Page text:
The manual may cite as examples material that has not yet been entered into the online catalogue. Additionally, citations in the catalogue may occasionally cross-reference other citations that will be — but have not yet been — entered. Please do not assume that the search function is malfunctioning if you cannot find an item cited in this manual or in another citation. We apologize for the inconvenience, and hope that all the holdings of the archive at the Ashbery Resource Center will be entered soon. 

Explanatory information supplied by compilers / Use of square brackets: Throughout this catalogue the compilers occasionally have added supplementary information in order to clarify certain points or to make the citations more meaningful or revealing. Notes, explanations, and clarifications that have been added within the formal citation fields are enclosed in square brackets. Information in these fields about which the compilers are unsure will be indicated by question marks in square brackets, with an explanation in the notes field as appropriate. Other pertinent information will be included in the notes field. 

Use of semicolons: Multiple names or titles within a single field are separated by semicolons. 

Empty or null fields: Empty or null fields are suppressed. Fields for which data is not available or that are irrelevant to a particular entry are not displayed (for example, the translator field in the case of a text that has not been translated). 

Searching by first and last name: If you are doing an exact-phrase search by first and last name in the author, author/editor or translator fields, you must enter the name exactly as it appears in the entry: last name, first name (comma included), for example, "Ashbery, John." An alternative would be simply an any-phrase or exact-phrase search for "Ashbery." Names in foreign languages, such as Hungarian or Japanese, that traditionally put the family name before the given name (i.e., Gergely Ágnes) will still include a comma between the two to facilitate searching. 

Order of names: When there are multiple names in the author, author/editor or translator fields, authors will be listed in the order in which their works appear or are credited in the publication, except that Ashbery will always be listed after other authors in order to facilitate alphabetization of the others' names in those fields.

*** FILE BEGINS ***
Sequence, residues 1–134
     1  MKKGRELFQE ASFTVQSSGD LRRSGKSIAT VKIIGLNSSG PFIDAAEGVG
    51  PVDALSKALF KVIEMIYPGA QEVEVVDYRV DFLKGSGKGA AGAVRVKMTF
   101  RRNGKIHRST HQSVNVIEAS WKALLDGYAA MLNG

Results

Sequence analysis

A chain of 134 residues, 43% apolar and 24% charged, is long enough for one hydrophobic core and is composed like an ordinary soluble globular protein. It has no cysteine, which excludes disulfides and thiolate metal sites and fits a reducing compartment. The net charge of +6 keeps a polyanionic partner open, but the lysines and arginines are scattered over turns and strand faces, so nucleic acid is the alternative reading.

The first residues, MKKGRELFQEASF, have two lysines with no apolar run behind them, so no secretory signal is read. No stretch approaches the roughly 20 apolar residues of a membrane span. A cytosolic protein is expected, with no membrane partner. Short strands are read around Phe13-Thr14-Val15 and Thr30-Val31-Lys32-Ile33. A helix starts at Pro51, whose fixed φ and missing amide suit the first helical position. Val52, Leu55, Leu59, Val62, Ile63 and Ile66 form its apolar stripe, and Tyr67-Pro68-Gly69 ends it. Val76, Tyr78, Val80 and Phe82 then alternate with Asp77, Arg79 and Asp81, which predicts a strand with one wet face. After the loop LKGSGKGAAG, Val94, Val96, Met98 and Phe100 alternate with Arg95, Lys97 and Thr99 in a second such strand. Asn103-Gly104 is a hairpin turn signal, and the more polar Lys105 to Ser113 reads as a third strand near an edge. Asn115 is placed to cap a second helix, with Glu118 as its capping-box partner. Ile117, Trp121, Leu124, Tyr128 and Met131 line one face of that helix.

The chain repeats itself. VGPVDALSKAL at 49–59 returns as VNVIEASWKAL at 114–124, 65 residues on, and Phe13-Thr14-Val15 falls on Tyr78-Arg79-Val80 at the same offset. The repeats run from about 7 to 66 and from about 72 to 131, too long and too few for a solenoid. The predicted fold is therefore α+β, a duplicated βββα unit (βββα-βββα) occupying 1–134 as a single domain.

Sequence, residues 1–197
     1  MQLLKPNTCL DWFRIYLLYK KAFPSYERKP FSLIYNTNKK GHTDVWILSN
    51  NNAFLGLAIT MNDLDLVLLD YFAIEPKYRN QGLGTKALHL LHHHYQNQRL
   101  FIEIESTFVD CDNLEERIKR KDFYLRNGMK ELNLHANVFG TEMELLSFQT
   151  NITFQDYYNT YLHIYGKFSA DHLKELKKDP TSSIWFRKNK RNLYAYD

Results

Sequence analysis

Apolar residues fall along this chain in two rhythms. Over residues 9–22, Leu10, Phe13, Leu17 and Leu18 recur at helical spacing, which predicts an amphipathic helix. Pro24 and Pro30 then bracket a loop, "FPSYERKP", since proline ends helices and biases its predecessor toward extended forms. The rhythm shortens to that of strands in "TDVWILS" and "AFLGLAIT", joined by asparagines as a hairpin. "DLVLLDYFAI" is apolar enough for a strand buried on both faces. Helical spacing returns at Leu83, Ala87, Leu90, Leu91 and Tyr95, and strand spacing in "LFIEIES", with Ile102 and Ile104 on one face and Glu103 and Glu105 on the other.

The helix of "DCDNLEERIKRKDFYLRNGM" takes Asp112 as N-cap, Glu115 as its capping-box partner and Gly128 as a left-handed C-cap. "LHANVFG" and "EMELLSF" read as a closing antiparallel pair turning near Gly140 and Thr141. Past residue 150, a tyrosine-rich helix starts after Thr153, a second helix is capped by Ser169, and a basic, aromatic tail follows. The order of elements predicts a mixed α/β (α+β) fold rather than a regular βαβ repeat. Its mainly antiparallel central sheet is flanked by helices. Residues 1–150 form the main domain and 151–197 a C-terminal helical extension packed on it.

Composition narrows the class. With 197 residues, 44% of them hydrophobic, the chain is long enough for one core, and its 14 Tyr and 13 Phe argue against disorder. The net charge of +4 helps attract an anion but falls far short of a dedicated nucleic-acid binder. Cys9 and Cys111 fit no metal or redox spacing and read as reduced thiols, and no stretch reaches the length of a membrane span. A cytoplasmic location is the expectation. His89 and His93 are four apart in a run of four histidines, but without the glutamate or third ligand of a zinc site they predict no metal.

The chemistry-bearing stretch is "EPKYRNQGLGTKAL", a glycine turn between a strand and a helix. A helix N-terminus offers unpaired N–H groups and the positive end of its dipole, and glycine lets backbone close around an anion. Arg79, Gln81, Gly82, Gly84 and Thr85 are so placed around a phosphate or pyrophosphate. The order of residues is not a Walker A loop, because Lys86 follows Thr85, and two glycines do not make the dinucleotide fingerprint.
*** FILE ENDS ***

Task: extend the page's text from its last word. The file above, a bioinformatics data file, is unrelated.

Titles: Short titles usually are given for periodicals, but full titles usually are given for books. Citations for articles by or about Ashbery that were published with both a headline and standing head or kicker generally note all such titles. 

Publications including various works by more than one author: Publications that include several relevant works by different authors may be given either a single or multiple citation(s): 

When all relevant works in a single publication are of the same type (for example, multiple essays about Ashbery by different authors), the publication usually is given a single citation that lists all authors and works. Authors are identified in parentheses following individual titles in the title field. 

When the relevant works in a single publication are of different types (for example, a publication including a poem by Ashbery, a review of one of Ashbery's books, and an interview with Ashbery), the publication usually is given multiple citations. When this occurs, the notes field of each citation will state that there are additional citations for other relevant works in that particular publication. 

However, when a single publication includes relevant works of different types that all focus on a single central theme, it is usually given a single citation. For example, the poetry by Ashbery and prints by visual artists that appear together in fine art editions are cited together in a single entry, since the poetry and visual art are generally either conceived in conjunction with each other, as a full collaboration between poet and artist, or the artwork is presented as a response to Ashbery's work. 

Dates: Publications dated by season or other span of time cannot be identified as such in the date field because of technical limitations in the program used to create this catalogue. Therefore, when needed, an approximate date (described below) will be entered in the date field, while the actual stated date of publication will be cited in the notes field.

Publications dated by season will be entered in the date field by the first month in which a given season begins. Examples are: 

For a publication dated 1989 Spring, the date field will read 1989-03-00; 

For a publication dated 1989 Summer, the date field will read 1989-06-00; 

For a publication dated 1989 Fall (or Autumn), the date field will read 1989-09-00;